The judge will evaluate several factors related to the case, including:
- Testimony from both sides
- Previous reports of abuse or violence
- Witness testimony
- Physical evidence of abuse, including damaged property, text messages, and police reports
If the judge approves the permanent protective order, the new order will last for up to five years. The judge may also determine that the victim will get sole custody of the children to keep the entire family safe from abuse. However, custody and visitation can also be decided even if the order is denied, especially if the judge feels there is significant evidence that the accused is a danger to the children.
If you are the petitioner (victim) in a domestic violence matter, you can take the following steps to prepare for a domestic violence hearing:
- Prepare a thorough history of your relationship with the abuser.
- Provide any evidence you may have about past abuse.
- Take photographs of your injuries.
- Request copies of your medical records if you sought out medical attention after being abused.
- Write down the day, date, time and place of the last time you were abused.
Evidence in a domestic violence hearing can vary depending on the situation, but any records of abuse can prove invaluable to your case. This can include previous reports of abuse, written records of abuse (journals, letters, etc.), text messages or voice mails, medical evaluations, and witness statements. You should acquire all available evidence that you can and present it to your attorney before your hearing, as you cannot guarantee that the judge will approve the permanent protective order on your testimony alone.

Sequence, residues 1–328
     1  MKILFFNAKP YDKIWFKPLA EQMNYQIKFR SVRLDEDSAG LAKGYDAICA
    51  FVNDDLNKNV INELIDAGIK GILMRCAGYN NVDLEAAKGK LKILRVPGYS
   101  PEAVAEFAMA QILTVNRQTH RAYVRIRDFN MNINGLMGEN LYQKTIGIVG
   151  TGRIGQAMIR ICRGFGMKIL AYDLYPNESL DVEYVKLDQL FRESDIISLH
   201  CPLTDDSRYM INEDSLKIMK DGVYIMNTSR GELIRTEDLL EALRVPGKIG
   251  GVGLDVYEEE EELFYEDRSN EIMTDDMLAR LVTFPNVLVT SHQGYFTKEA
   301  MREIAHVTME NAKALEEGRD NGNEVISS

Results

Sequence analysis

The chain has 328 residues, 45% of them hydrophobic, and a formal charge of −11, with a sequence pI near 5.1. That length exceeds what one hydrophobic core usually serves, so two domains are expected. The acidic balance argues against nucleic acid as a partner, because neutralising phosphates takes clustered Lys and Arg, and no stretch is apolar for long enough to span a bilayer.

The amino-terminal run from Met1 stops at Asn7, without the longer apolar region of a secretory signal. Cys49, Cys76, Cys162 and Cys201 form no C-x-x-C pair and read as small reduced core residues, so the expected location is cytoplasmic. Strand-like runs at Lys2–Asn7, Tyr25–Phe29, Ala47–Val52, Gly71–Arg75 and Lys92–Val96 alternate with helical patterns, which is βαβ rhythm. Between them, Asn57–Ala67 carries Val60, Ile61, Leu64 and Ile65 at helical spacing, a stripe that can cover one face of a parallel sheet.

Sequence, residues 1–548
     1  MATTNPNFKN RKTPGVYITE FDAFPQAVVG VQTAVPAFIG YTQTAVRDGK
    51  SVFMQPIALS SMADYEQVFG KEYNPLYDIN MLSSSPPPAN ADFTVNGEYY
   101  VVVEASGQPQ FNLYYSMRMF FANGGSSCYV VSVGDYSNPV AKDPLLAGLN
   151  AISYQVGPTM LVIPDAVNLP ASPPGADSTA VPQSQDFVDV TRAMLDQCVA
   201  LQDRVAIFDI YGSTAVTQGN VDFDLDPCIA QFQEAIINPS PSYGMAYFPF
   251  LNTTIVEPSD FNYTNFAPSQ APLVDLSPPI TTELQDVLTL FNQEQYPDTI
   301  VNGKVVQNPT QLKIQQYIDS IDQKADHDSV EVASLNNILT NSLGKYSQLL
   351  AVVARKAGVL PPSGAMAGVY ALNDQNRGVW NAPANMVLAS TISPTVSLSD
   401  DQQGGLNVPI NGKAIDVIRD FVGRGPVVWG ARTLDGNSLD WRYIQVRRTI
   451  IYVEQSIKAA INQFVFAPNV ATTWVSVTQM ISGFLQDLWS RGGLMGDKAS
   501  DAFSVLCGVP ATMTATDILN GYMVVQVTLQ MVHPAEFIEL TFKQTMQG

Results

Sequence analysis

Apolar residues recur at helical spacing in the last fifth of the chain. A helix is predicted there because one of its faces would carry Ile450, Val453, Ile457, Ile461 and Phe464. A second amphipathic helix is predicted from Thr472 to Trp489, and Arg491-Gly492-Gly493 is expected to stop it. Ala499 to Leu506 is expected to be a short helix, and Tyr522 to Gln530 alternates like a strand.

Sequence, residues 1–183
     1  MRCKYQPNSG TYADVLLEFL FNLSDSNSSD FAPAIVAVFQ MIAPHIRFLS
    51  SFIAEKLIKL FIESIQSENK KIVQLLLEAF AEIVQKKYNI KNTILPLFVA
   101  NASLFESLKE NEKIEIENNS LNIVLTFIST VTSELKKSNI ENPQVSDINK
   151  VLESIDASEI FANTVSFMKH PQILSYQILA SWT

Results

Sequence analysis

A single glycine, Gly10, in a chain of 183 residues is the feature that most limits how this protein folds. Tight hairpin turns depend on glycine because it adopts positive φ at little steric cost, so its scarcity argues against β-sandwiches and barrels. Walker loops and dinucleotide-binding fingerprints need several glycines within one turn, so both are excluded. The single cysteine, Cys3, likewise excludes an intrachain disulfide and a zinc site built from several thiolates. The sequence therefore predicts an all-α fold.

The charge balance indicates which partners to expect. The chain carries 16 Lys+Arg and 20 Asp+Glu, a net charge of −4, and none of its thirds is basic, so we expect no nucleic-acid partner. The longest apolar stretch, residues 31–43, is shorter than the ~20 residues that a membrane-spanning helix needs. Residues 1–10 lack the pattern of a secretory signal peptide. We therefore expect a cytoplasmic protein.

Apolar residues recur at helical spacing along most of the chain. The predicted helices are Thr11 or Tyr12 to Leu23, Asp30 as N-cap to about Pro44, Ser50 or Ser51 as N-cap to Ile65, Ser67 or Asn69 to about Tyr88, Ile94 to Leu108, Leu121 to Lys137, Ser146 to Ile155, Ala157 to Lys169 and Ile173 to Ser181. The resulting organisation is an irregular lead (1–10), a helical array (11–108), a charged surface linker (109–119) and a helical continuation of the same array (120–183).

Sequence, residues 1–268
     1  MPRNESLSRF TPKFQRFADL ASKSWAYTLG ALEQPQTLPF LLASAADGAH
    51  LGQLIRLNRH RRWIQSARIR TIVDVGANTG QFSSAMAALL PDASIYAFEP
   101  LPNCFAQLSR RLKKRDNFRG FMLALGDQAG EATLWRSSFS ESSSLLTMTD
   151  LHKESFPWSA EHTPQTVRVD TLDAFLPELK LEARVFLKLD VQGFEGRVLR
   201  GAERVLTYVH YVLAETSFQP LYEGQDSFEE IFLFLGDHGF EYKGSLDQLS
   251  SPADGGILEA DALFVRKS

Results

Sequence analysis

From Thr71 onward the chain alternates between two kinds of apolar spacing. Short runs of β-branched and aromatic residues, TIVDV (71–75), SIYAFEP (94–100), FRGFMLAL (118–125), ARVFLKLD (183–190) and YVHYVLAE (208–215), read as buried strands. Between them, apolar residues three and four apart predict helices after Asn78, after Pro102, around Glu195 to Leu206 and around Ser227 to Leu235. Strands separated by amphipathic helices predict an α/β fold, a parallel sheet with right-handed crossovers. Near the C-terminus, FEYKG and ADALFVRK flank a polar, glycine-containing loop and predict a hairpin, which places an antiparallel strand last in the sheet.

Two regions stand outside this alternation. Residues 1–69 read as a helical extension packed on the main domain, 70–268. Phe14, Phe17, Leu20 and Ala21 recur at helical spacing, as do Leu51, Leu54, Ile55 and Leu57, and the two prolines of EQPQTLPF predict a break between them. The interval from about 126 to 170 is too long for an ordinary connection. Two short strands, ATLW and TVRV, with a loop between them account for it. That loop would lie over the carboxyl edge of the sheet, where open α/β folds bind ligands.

Document your financial needs if you also plan on requesting emergency family maintenance at your domestic violence hearing. You will have to make a list of your income and monthly expenses to support your request. In addition, you will want to prepare for the possibility of custody orders and work with your attorney to prepare your request for sole custody.
Preparing and stating your case in a domestic violence hearing on your own can be difficult for both sides. These cases are stressful, complicated, and can have serious ramifications for your life. To ensure your rights are protected throughout the proceedings and that you abide by all court rules, your best option is to contact an experienced family law attorney.
Your attorney can carefully review your case to determine the best strategy for receiving a permanent protective order or defending against one. At Mattis Law, A.P.C., our legal team can review all available evidence, prepare your arguments, and outline any changes to your household, such as child custody or emergency family maintenance, that may be affected by the hearing.
If you or your children are in danger, call the police and contact a San Diego family law attorney. Going through a domestic violence hearing alone is a difficult process, and Mattis Law, A.P.C. can work to protect you and your children. Call us at (858) 328-4400 for a no-cost consultation.